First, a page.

Brighter Bites

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View the BrighterBites.org website

Project Overview

Brighter Bites delivers fresh fruits and vegetables directly into families’ hands, while teaching them how to use and choose a different kind of fast food. We make it fun. We make it free. And we make it happen via a simple, three-part formula:

  1. Bring fresh produce to where kids already are.

  2. Teach kids and families healthy ways to use their food.

  3. Create a fun food experience for everyone involved.

Since its inception in 2012, Brighter Bites has delivered millions of pounds of fresh produce and nutrition education to children and families in multiple cities. 

Current UTHealth School of Public Health Staff:

  • Shreela Sharma, PhD
  • Greg Bounds, MPH
  • Krista Patlovich, MPH

Project Details

Brighter Bites aims to impact eating behavior among predominantly low-income families by introducing them to a routine distribution of fresh produce, along with corresponding education, ultimately helping to curb the childhood obesity epidemic in Houston and Dallas. Brighter Bites is an opportunity to provide fresh fruits and vegetables to children and their families through weekly recyclable bags of 50 servings of produce sent home with families in areas identified as food deserts, combined with nutrition education for children and their families over a 16-week program.

Eight Steps to Brighter Bites

  1. Engage communities 
  2. Select the week's variety
  3. Load up
  4. Bag the produce
  5. Teach brighter choices
  6. Sample & share
  7. Take home the fun
  8. Replicate 

Researchers at the UTHealth School of Public Health conducted a two-year study evaluating the impact of Brighter Bites on 760 students and their families at nine schools in Houston during the 2013-15 school years. Results from this study have been published in a scientific peer-reviewed journal called Preventive Medicine.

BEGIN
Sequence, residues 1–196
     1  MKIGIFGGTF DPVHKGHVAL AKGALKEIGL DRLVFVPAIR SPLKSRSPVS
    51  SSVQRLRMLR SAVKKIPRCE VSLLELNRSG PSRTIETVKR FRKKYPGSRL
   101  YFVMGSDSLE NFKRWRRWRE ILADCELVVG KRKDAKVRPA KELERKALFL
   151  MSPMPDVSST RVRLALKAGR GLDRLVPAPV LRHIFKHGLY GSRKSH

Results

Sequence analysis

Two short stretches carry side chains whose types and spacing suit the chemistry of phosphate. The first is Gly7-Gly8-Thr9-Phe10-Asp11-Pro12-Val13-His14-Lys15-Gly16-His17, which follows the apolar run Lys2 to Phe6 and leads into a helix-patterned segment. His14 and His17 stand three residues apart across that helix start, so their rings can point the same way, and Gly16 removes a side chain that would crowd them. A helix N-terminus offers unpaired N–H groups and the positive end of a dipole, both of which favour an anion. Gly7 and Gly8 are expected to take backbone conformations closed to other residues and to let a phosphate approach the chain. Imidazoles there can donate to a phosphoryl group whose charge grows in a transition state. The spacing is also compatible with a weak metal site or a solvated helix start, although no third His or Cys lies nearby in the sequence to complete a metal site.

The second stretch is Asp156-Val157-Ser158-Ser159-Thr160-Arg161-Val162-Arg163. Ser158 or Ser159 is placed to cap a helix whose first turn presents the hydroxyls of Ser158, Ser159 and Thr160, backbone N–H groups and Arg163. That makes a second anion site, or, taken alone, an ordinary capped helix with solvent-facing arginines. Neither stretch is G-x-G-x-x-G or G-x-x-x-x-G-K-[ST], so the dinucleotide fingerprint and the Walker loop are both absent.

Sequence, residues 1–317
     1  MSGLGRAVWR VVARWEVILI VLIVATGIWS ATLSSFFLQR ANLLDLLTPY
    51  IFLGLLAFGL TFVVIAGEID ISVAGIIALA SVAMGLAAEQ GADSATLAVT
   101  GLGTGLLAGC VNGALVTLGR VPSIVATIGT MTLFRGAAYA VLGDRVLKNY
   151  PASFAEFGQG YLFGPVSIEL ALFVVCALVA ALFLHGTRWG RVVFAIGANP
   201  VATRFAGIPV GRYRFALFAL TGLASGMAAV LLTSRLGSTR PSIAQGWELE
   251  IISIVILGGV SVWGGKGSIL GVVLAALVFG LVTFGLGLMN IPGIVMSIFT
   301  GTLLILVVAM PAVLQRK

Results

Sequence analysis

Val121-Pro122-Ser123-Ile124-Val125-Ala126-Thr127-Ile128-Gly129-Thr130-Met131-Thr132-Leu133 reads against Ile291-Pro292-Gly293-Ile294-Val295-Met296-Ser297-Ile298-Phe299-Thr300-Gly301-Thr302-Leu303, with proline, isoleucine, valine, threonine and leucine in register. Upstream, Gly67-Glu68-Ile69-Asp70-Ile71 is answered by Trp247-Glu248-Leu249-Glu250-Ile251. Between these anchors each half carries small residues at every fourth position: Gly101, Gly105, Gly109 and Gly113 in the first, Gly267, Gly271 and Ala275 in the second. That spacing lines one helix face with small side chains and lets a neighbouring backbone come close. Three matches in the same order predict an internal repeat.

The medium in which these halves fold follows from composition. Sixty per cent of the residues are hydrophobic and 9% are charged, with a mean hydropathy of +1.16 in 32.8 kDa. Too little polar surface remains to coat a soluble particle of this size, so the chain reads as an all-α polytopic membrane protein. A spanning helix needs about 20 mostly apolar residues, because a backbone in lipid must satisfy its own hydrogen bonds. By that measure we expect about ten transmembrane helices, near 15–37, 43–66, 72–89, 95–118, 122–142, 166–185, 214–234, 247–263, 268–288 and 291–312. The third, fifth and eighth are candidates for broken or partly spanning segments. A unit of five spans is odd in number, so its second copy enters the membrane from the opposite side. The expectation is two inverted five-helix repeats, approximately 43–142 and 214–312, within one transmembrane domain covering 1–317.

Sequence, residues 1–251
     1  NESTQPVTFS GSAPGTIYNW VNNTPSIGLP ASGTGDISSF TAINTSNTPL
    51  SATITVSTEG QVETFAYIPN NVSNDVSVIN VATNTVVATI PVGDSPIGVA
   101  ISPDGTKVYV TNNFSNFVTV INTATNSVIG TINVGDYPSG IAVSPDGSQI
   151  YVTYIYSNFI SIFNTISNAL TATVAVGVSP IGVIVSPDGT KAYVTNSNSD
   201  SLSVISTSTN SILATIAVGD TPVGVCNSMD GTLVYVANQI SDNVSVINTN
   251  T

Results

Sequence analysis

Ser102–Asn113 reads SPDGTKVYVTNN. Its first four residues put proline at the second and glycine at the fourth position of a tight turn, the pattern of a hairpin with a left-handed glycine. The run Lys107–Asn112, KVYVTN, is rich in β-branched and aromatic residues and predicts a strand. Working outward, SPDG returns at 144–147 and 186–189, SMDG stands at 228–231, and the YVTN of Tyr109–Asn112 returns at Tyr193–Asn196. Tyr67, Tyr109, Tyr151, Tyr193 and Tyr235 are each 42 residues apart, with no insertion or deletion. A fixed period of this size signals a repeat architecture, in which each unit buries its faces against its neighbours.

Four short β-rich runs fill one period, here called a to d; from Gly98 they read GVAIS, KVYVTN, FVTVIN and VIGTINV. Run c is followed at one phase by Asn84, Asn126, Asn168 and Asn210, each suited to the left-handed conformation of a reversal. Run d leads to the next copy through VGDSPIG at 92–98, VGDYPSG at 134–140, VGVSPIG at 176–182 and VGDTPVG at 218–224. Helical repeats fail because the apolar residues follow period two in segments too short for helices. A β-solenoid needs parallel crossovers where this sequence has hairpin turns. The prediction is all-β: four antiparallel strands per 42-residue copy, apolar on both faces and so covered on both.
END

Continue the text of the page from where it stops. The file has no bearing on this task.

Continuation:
Suffice it to say, science finally proves what we’ve suspected all along: Brighter Bites works—and works well.


Study results show that, as compared to participants in the control group (not receiving Brighter Bites), children and parents who did receive Brighter Bites demonstrated:

HEALTHIER HABITS
Significant increase in amount of fruits and vegetables consumed.

LESS ADDED SUGAR
Significant decrease in amount of added sugars consumed among children.

MORE HOME COOKING
Twofold increase in cooking meals from scratch

HEALTHIER SNACKING
Significant increase in serving more fruits and vegetables as snacks.

MORE FAMILY MEALS
Significant increase in eating produce-heavy meals together at home

SMARTER DECISIONS
Twofold increase in using nutrition labels to guide grocery purchases


PRESENTATIONS

Alcazar, L., Sharma, S. (November 2016). Brighter Bites Photovoice: Perspectives from Hispanic participating parents towards the Brighter Bites program. Oral presentation at the American Public Health Association 2016 Annual Meeting in Denver, CO.

Sharma, S., Markham, C., Chow, J., Ranjit, N., Pomeroy, M., & Raber, M. (November 2016). A comparative effectiveness study of Brighter Bites: A food co-op intervention to improve access to fresh F&V and nutrition education among low-income children and families. Oral presentation at the American Public Health Association 2016 Annual Meeting in Denver, CO.

Pomeroy, M. (November 2016). Brighter Bites: Implementing a Food Co-op Concept in Underserved Schools. Oral Presentation at the Southern Obesity Summit in Houston, TX.

Past, Present and Future of SNAP: Evaluating Effectiveness and Outcomes in SNAP-Ed: Hearings before the Committee on Agriculture, House of Representatives, 114th Cong. (June 2016) (Testimony of Shreela Sharma, PhD, RD, LD).

Sharma, S., Markham, C., Chow, J., Pomeroy, M., & Raber M. (October 2015). Efficacy of Brighter Bites: a School-Based Food Co-op Intervention. Poster presentation at The Obesity Society Annual Meeting, Los Angeles, CA.